Potable water supplies are a vital resource on any battlefield. To meet the demand in current wars, the U.S. military purchases huge quantities of commercially bottled water in addition to equipping and using organic water purification units.
Bottled water has become the preferred option among deployed troops. Within Marine Corps units, it is seen as more convenient and seems to taste better than purified water. Marines are more confident of its quality because each bottle is sealed.
But the cost of delivering bottled water to the troops is rapidly becoming unsustainable. Bottles create large amounts of litter and are far more expensive than the water provided by military purification units. Bottles also have created a security problem in Afghanistan. The convoys needed to truck in bottled water are vulnerable to improvised explosive devices, which pose great risks to convoy personnel.
Raw water sources are available in the Helmand River basin in Afghanistan. But these water sources have both chemical and microbiological contaminants and require treatment before use. Because of the economic costs and risks to life of providing bottled water, the Marine Corps is looking at technology alternatives that can be used to treat indigenous raw water.
Forward operating bases depend heavily on convoys to supply their basic needs. It’s not unusual for a base to be located in an area with no potable water. In these cases, trucks are likely needed to haul in vast quantities of fresh water on a regular basis. According to the Marine Corps Survival Manual, each individual in the field in Afghanistan needs to consume at least 2.6 gallons of water per day in order to remain healthy.
A Defense Department study shows the cost of delivering bottled water to troops in Afghanistan to be $4.69 per gallon. With a daily water demand of 5.2 gallons per marine per day (the amount for all uses), just supplying water to approximately 20,000 troops costs nearly $500,000 a day.
In the southern basin, the Helmand River represents 40 percent of Afghanistan’s surface water and is the main source.
Afghanistan relies on groundwater, which represents the most consistent water source in both rural and urban areas. But a geological study said that 65 percent of protected, closed wells and 90 percent of open wells — the most common drinking water source in many areas — are contaminated with coliform bacteria.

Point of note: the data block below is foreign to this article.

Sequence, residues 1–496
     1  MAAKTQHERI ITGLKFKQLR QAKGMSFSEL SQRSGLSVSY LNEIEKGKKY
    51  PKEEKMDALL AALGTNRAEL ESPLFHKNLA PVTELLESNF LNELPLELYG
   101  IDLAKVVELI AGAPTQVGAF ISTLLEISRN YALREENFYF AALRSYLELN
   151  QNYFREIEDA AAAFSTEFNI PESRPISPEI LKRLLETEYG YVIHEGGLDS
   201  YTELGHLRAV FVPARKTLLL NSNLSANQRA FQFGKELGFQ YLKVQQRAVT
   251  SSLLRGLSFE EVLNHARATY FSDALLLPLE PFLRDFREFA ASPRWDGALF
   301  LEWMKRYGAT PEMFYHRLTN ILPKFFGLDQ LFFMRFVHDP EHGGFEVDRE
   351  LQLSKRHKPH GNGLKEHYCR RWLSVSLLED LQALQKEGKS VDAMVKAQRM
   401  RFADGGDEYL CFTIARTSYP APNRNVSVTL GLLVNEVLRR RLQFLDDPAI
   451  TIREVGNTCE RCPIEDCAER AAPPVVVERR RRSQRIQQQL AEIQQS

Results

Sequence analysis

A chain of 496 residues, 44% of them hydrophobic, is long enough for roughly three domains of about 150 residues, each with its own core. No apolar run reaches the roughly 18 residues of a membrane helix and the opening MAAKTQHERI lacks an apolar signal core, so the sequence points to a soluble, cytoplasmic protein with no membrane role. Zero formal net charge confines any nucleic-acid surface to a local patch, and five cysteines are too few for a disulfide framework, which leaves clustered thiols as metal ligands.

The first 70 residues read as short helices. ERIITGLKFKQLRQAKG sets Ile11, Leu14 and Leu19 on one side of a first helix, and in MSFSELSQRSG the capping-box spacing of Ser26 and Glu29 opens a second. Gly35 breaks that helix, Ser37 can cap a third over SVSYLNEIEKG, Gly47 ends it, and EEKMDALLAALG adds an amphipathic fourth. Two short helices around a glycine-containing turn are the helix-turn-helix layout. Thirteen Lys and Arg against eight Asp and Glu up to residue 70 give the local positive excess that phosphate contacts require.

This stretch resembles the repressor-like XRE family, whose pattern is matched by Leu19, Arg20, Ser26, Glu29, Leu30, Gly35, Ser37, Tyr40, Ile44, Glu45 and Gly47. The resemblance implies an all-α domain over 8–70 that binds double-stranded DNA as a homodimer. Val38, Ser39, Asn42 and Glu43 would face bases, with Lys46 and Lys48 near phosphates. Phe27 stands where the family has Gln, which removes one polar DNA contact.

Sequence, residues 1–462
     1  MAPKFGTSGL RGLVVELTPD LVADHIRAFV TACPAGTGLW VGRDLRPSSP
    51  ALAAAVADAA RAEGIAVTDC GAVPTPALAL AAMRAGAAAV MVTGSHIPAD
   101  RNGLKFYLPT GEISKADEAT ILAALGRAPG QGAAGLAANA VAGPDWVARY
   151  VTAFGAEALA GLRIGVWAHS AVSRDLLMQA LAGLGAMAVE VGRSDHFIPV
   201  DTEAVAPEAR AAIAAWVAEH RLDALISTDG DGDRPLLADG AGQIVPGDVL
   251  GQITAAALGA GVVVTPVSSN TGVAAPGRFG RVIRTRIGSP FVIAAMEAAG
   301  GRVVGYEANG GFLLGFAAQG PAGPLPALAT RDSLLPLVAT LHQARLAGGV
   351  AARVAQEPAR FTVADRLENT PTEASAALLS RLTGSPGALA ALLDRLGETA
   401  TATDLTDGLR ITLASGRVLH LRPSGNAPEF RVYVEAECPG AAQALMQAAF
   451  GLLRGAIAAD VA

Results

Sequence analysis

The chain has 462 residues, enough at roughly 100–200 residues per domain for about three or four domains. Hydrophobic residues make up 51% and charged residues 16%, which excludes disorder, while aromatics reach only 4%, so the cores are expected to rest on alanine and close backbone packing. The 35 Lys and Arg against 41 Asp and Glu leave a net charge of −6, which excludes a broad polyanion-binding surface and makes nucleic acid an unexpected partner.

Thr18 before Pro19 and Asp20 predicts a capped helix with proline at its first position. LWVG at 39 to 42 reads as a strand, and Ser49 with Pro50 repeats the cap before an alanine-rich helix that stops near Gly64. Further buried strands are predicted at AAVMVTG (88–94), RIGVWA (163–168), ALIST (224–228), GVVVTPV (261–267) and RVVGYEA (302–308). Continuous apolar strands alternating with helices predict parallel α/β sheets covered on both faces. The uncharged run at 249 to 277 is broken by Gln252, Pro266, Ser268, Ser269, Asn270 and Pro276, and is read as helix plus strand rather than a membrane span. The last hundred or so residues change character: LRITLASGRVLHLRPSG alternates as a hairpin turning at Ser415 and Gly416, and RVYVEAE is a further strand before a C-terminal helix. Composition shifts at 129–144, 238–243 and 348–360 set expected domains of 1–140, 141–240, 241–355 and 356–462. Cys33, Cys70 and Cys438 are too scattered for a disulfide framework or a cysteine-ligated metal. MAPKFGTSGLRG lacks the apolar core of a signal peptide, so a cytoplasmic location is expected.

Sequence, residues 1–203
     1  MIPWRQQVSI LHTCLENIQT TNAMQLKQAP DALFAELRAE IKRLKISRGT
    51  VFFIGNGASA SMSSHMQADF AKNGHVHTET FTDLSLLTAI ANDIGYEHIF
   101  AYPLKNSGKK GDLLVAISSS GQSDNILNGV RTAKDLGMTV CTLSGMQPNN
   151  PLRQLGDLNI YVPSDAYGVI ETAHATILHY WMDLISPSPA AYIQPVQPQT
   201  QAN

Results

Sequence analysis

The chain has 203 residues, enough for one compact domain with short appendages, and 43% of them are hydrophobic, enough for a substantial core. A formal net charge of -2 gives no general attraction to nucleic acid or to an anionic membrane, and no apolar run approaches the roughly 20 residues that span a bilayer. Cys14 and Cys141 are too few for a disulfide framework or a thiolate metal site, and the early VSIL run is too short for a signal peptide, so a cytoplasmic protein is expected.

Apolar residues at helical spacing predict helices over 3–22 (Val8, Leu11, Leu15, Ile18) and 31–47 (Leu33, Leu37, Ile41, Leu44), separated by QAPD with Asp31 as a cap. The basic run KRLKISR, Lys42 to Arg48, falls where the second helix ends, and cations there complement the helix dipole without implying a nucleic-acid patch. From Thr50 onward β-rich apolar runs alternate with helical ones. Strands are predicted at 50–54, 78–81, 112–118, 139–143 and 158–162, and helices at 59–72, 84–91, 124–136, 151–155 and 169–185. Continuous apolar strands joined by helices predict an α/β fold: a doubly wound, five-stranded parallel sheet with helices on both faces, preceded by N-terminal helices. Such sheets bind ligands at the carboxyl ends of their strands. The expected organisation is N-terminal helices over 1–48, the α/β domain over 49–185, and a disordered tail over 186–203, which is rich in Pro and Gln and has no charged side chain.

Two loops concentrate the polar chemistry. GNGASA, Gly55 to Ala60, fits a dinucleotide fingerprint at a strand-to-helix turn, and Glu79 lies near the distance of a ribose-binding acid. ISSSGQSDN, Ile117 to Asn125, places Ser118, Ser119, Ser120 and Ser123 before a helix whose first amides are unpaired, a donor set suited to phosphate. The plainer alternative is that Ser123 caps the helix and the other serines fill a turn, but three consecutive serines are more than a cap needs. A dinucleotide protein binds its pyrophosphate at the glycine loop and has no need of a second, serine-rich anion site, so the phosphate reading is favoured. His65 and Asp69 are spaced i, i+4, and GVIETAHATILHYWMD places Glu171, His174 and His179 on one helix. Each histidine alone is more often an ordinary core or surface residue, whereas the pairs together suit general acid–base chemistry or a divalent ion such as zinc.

More than 80 percent of Afghanistan’s water resources originate in the Hindu Kush Mountains. The snow accumulates in the winter and melts in the spring. Water pollution from raw sewage is the most significant environmental problem and health threat to deployed personnel. Nationwide, water sources are contaminated with harmful bacteria such as E. Coli and Leptospira.
There is equipment available that can purify both freshwater and saltwater. Marines, however, do not have their own well drilling capability.
Company-sized water purification systems are en route to Afghanistan, where larger-scale systems are also getting more use on remote battlefields.
Two key systems are now being employed by the Marine Corps and the Army that will let them transform any water — even salty seawater — into something that’s safe to drink.
The Lightweight Water Purification System, or the LWPS, fits in a Humvee and can produce up to 125 gallons of potable water per hour. The other method for purifying water is the Tactical Water Purification System (TWPS). It filters and cleans 1,200 to 1,500 gallons of water an hour, enabling a utilities team to fill large bladders with drinkable water at staged water points. The TWPS is carried on a 7-ton truck, and can be set up by an engineer support unit in approximately 30 minutes. In Afghanistan, there are 21 of these systems. The TWPS more than doubles the production capacity of the older reverse osmosis water purification units that has treated water for a generation of military troops.
Currently, there are 14 Marine Corps water points in the Afghan theater, with 21 TWPS and 25 LWPS units. An additional 14 to 15 LWPS units were recenty delivered.